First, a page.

Attempted homicide of Indigenous leader in Costa Rica
Attack on Indigenous leader
@UNCostaRica expresa su preocupación por el intento de homicidio de un líder indígena ocurrido el 30 de diciembre de 2021 en Bajo Chirripó. Instamos al Estado a realizar las investigaciones oportunas que conduzcan al esclarecimiento y sanción de las personas responsables. pic.twitter.com/SxInowNhL2— Naciones Unidas Costa Rica (@UNCOSTARICA) January 14, 2022
On 30th December 2021, Indigenous leader Leonel García Segura was threatened and attacked with a machete in the Cabécar territory of Bajo Chirripó. García, who is the secretary of Asociación de Desarrollo Integral (ADI) de Reserva Indígena de Cabecera de Bajo Chirripó Matina, was taken to intensive care for treatment of wounds on his body and head.
According to information provided by civil society organisation Coordinadora de Lucha Sur Sur (South South Struggle Coordinator), the alleged perpetrator of this attack is a farmer who is under investigation for land grabbing. The organisation reported that there was a precautionary measure to prevent this individual from entering the Indigenous territory, yet he continued to repeatedly threaten local communities without intervention from authorities. The president of the ADI Bajo Chirripó, Adrián Sanabria, said:
“It is painful what has been happening here in the Bajo Chirripó territory. We want justice. We want the law to act against these people who assaulted our comrade.”
There were reports of two other attacks on Indigenous communities in Costa Rica at the end of December 2021 and early January 2022. In response, environmental organisation Bloque Verde called on supporters to join a protest in San José against the escalating violence against Indigenous peoples and environmental defenders.
Policies for protection of Indigenous defenders
En #CostaRica🇨🇷 se necesitan reformas urgentes sobre los derechos de los pueblos #indígenas.— UN Human Rights Council (@UN_HRC) December 19, 2021
Es lo que dice José Francisco Calí Tzay, el @RelatorDd Especial sobre los derechos de los pueblos indígenas nombrado por el Consejo de #DerechosHumanos de la ONU🇺🇳https://t.co/jiKAHtWbSA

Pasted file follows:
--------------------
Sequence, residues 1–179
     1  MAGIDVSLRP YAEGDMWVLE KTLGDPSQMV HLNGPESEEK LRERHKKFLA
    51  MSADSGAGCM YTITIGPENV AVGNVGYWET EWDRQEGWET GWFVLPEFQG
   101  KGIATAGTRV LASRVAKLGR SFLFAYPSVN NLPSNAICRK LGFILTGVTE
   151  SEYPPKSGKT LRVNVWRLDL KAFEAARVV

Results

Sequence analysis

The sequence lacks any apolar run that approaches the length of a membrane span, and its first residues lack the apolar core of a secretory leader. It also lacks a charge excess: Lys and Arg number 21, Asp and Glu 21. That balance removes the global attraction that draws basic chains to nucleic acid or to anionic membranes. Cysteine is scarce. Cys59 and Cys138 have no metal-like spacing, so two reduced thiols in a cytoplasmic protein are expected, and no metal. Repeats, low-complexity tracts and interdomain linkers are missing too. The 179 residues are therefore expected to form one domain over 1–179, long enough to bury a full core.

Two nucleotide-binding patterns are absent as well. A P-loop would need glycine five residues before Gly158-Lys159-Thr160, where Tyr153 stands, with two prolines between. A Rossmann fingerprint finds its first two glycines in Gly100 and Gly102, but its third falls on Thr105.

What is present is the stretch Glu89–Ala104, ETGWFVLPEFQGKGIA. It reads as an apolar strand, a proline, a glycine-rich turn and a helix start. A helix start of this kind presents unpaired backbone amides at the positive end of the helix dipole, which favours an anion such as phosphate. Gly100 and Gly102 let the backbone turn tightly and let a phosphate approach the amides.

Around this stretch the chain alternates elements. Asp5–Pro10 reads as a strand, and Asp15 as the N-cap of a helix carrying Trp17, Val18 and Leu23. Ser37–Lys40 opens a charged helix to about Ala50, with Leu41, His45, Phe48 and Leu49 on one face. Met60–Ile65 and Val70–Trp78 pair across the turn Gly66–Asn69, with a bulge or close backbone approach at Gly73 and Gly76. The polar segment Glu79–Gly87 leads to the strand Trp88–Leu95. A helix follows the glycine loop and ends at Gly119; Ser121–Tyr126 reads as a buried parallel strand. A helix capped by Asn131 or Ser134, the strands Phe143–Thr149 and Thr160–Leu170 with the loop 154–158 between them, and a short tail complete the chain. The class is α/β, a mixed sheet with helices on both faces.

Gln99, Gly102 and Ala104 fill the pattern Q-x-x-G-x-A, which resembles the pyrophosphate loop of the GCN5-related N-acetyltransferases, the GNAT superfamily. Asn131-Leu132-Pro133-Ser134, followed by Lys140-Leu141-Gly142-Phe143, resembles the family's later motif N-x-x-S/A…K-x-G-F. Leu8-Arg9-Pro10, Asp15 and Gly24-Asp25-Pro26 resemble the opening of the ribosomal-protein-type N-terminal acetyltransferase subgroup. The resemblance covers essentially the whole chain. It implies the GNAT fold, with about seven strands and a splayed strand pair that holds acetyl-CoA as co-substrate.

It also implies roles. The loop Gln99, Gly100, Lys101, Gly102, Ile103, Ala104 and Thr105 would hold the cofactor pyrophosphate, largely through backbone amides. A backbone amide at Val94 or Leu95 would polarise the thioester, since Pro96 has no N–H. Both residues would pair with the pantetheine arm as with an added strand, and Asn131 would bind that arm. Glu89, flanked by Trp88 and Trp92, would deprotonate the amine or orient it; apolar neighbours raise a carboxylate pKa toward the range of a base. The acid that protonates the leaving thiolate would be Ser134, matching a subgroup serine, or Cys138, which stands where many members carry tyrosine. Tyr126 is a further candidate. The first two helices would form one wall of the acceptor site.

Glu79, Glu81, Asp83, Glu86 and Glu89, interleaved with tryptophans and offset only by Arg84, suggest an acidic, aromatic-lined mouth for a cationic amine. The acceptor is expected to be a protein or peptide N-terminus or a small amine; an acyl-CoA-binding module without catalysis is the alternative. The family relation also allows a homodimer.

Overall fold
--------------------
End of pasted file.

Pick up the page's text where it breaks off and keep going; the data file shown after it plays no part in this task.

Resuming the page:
On 17th December 2021, the UN Special Rapporteur on the rights of Indigenous peoples, Francisco Calí Tzay, expressed his concern for the safety of Indigenous rights defenders in Costa Rica. At the end of a 12-day visit to the Central American country, Calí Tzay stressed the need to establish an effective and culturally relevant mechanism for the protection of human rights defenders. He also highlighted the need for constitutional recognition of Indigenous people’s existence and their rights to self-determination, self-government, land and resources. Furthermore, he underscored continuing attacks on human rights defenders and Indigenous leaders who face intimidation, including death threats, and attacks for defending their rights.
In a statement published on 3rd January 2022, Costa Rica’s government said they plan to undertake the development of a public policy on Indigenous peoples in 2022. This policy would seek to comprehensively address unsatisfied needs and demands of the country’s Indigenous peoples, such as autonomy, territoriality, development and social welfare. According to the statement, this is intended as a participatory process with Indigenous communities which will be accompanied by representatives of the Inter-American Development Bank (BID) and the United Nations. Early stages of a consultation process were conducted in 2021.
On 13th January 2022, hundreds of women protested against gender-based violence in Costa Rica after a tourist was sexually assaulted in the Caribbean coastal town of Puerto Viejo. Wearing violet scarves and chanting messages such as “don’t be indifferent,” over two hundred people marched toward the Supreme Court in San José to demand justice in cases of violence against women. "We are marching again for justice, so that there will be no more impunity, because women do not want to continue living in fear," said one protester.
Civic Space Developments